"Yes, dear," John replied, smiling, as he rolled out his cinnamon roll dough. "See you in the morning!"
"I'll believe it when I see it," I muttered under my breath.
Zoom to 6:30 a.m. this morning.
There's John, snoring, all snuggled under the covers, his heated rice pack hugging his sore shoulder (injured when he tripped over a tote in the basement and dislocated said shoulder several weeks months ago).
Poor guy...he looked so peaceful. I hated to wake him to go take pictures of the sunrise.  But like I said, it was his idea...

 He rose, by golly, but he wasn't exactly shining.
"Turn on the coffee, start the car, throw me in the back and make sure the compass says "E" for east," John mumbled.
Long story short, we actually made it out the door  -- sans cinnamon rolls, but with a thermos of hot coffee -- and we were on the road in plenty of time, John at the wheel. He was sporting Daniel's Iowa Hawkeyes trapper's cap, giving him a sort of  Elmer Fudd/ Cousin Eddie (Christmas Vacation) flair.
 "This is exactly what Mary and I did in Myrtle Beach," I reminisced excitedly. "We chased the sunrise. Except, of course, it was 70 degrees outside, not 9. And there was an ocean. And Mary didn't wear a trapper's cap..."
"Uh-huh," John murmured, staring straight ahead as he drove across the dark, bitter cold, landlocked Iowa landscape.
We found the perfect sunrise viewing spot off a desolate gravel road. John threw the van into park, and I hopped out eagerly, cell phone in hand.
"Remember, if you hear panting, it's most likely not a puppy," John said, opening the thermos and pouring himself a hot cuppa joe. "Mind if I wait in the car?"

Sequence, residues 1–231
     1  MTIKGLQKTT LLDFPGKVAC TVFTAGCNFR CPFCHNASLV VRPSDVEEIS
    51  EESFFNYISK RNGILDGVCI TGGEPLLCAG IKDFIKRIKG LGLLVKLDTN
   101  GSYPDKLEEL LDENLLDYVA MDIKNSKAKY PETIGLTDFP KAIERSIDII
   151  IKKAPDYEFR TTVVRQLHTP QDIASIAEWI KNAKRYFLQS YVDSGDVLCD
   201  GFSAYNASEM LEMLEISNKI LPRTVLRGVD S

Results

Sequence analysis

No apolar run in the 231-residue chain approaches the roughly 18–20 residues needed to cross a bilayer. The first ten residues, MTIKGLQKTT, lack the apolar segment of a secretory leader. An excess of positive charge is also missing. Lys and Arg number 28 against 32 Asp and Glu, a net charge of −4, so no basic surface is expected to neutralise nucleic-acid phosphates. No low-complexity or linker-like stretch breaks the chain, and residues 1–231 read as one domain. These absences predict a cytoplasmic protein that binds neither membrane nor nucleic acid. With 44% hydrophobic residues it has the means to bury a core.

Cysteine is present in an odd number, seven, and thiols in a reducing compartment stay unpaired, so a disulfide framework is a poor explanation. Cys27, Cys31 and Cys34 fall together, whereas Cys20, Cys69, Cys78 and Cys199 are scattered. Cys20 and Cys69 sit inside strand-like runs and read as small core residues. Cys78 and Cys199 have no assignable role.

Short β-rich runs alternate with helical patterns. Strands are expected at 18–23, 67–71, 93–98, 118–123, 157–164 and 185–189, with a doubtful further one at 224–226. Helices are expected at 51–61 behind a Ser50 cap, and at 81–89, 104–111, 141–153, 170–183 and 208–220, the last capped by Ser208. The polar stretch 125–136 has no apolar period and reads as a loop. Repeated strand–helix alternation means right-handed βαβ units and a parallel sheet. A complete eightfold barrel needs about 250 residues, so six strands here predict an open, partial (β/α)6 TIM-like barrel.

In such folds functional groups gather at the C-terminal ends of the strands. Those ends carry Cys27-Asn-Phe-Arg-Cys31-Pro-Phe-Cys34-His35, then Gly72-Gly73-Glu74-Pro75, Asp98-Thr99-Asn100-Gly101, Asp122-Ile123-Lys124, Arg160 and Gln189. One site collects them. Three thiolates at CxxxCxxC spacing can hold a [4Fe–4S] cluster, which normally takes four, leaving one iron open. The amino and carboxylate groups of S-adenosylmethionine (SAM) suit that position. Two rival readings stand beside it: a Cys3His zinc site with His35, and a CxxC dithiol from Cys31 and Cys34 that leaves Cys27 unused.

Hmmm. Never thought of  that aspect of Iowa sunrise hunting...
Undaunted, however, by the possibility of being attacked by a hungry coyote, I fired off a couple of practice shots across the frozen Iowa tundra, catching the sun as it feebly tried to burn its way through the deep blue, icy morn.

A short while later, I bagged some beautiful, warm pastel pinks and blues as they roamed across the sky before blending into a cold, overcast gray.
The hunt ended, my fingers ice cubes (it's all but impossible to take pictures with a cell phone wearing gloves, I've discovered), we headed back to camp, er, the house.
Once home, we each snarfed down two homemade cinnamon rolls. I plugged in my phone to recharge it and I began to blog. John made a beeline for his easy chair.

And then it began to snow.
"Snowflake hunt!" I announced, with a chuckle.
"ZZZZZZZZZ,"  came John's reply. Yes, my mighty hunting assistant was sound asleep.
Indeed, the thrill of the sunrise hunt can be tiring. But in such a good way!
We seized the day! We captured the moment! Yay for us!

Times Of Your Life by Paul Anka on Grooveshark  
And now I do believe I hear the couch calling my name!
You know what they say: Carpe Diem! Carpe Dormio!
(Seize the day!  Seize the nap!)
Thanks, John! Darling, you rock!


Friday, January 18, 2013


Back in the day
"Wow! I can't believe how active you guys used to be."


Out of the mouths of almost-20-year-olds...

Daniel had been browsing through some of our old photo albums, some pictures dating back to when I was but maybe four years older than Daniel is now.